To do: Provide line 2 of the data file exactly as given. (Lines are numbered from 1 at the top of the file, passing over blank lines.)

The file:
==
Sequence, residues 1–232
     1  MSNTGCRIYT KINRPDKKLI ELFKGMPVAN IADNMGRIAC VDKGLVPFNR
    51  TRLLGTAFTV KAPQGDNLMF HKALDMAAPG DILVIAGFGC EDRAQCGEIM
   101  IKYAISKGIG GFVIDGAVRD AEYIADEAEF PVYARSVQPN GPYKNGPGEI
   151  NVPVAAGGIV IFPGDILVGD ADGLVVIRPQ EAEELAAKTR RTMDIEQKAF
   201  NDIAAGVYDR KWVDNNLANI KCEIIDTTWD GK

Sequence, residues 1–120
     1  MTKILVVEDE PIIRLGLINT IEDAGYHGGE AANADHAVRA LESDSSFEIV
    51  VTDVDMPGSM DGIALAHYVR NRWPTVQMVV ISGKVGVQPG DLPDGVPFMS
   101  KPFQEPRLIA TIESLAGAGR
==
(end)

     1  MSNTGCRIYT KINRPDKKLI ELFKGMPVAN IADNMGRIAC VDKGLVPFNR